Google’s top secret for success lies in focusing on users. Google takes great care when designing its products to ensure their products ultimately serve users, rather than its own bottom line or internal goal. Its crowdsourcing projects enable the company to understand what the users want, thereby, give them the best experience. For example, after carrying out intense research into mobile market and studying consumer expectations, Google’s has recently decided to include fingerprint support, deeper app linking, and simplified application data permissions in the upcoming Android version.
Hiring the Right People
Research shows that diversity of opinion drives innovation, and successful companies make it a goal to have a workforce more diverse than their client base. They are constantly focused on improving quality and diversity of hires they complete. Google, the company said to be “a self-replicating talent machine”, only hires the right candidates, and not the best available for a certain position. Recruitment is a part of everyone’s job; the company says that although they get approximately two million new resumes annually, they prefer referrals from current employees, because historically this has proved highly successful.
Google focuses on hiring “T-shaped” individuals, i.e. employees who not only have a depth of expertise in their field, but also a breadth of interests and experiences outside of it. The company has a potent screening process, focused on finding individuals who are ready to deal with big challenges, embrace change, and are skillful in different aspects. Besides the role-related expertise, personality, leadership, and the general cognitive ability are carefully assessed. All the points, notes and suggestions of interviewers are combined together as a report and sent to your company’s global hiring committee.
The Zappos hiring process is one of the most unique in the world today. The company trains its employees, and when the training is over, it offers $4,000 in addition to training fees for any trainee that would like to quit. This is an attempt to ensure only serious employees work for the company.
Companies like Goldman Sachs, PepsiCo or SAP invest in diversity strategically. Goldman’s CEO, Lloyd Blankfein, says that diversity is at the very core of the company’s ability to serve their clients and maximize return. PepsiCo states that one percentage point of its 7.4% revenue growth (US$250) can be attributed to new products inspired by diversity efforts, and thus it requires 50% of hires to be women and minorities. Software giant SAP uses diversity to drive innovation and eventually meet customer needs.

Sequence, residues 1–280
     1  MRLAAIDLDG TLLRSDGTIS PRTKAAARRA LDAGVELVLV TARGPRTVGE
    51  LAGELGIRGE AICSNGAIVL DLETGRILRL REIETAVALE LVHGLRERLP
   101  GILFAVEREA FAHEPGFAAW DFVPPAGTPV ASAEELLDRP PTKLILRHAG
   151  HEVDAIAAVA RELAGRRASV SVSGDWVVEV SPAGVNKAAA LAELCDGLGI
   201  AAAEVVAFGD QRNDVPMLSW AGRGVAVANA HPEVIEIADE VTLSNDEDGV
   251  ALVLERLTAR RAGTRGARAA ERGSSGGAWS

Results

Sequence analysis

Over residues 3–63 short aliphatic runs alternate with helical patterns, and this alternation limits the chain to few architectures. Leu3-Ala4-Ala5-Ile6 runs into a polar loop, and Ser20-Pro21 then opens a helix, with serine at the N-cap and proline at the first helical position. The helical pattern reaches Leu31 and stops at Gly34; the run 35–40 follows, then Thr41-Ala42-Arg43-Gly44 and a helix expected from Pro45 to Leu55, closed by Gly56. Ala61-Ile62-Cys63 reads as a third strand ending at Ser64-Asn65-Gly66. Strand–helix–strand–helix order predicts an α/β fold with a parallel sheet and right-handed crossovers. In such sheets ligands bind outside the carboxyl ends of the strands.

Hiring may be too lengthy and cumbersome, so acquiring a company with the right talent may be a more practical solution. Amazon, Google and Facebook are famous for their shopping sprees. Of late SAP has also made several acquisitions and partnered with other companies to help address the ever growing needs of their customers.
Empower Employees to be Corporate Entrepreneurs
Business complexity has made it important, but more difficult to encourage collaboration and initiative. The nature knowledge work has shifted from what existing data points to look for, and where to find them to how to identify novel and unprecedented insights from the exponentially increasing amount and complexity of information available at our fingerprints. As the world has evolved, white collar workers deal with increasingly adaptive challenges where existing expertise may no longer be an asset. These require attitudes of risk taking, resilience and agility, and corporate entrepreneurship, or “intrapreneurship” has become a buzzword.
Intrapreneurship could be defined as “emergent behavioural intentions and behaviours that are related to departures from the customary ways of doing business in existing organizations”. Developing innovation culture in an organization requires individual initiative. Creating conditions for employees to challenge the status quo is essential for success. These include psychological safety, encouraging risk taking, and tolerance to failure.
Google’s major success secret is building safety, transparency and empowering its employees. While this does not have to be revealing every single confidential detail, regular information sharing is a part of the company’s DNA. Google conducts a weekly TGIF (“Thanks Google it’s Friday”) meeting hosted by the company’s founders. Strategy, current R&D projects and HR initiatives are openly discussed. All employees are welcome to attend and ask questions about anything they think of (e.g. market trends, company’s future plans, employee compensation, management decisions). The Google founders role model the culture in their TGiF meetings; besides business, they share personal stories and aspirations, and even joke about their own failures and idiosyncrasies. To encourage participation and lighten the atmosphere, drinks and food are provided. The meetings are recorded for those unable to attend.